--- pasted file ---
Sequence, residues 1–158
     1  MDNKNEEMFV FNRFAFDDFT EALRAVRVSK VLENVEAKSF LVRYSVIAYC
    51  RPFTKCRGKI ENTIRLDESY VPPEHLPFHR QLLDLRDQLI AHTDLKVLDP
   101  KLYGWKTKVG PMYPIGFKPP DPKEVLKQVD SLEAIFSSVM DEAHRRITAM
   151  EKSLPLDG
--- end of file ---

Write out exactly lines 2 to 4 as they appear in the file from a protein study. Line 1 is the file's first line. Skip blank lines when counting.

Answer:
     1  MDNKNEEMFV FNRFAFDDFT EALRAVRVSK VLENVEAKSF LVRYSVIAYC
    51  RPFTKCRGKI ENTIRLDESY VPPEHLPFHR QLLDLRDQLI AHTDLKVLDP
   101  KLYGWKTKVG PMYPIGFKPP DPKEVLKQVD SLEAIFSSVM DEAHRRITAM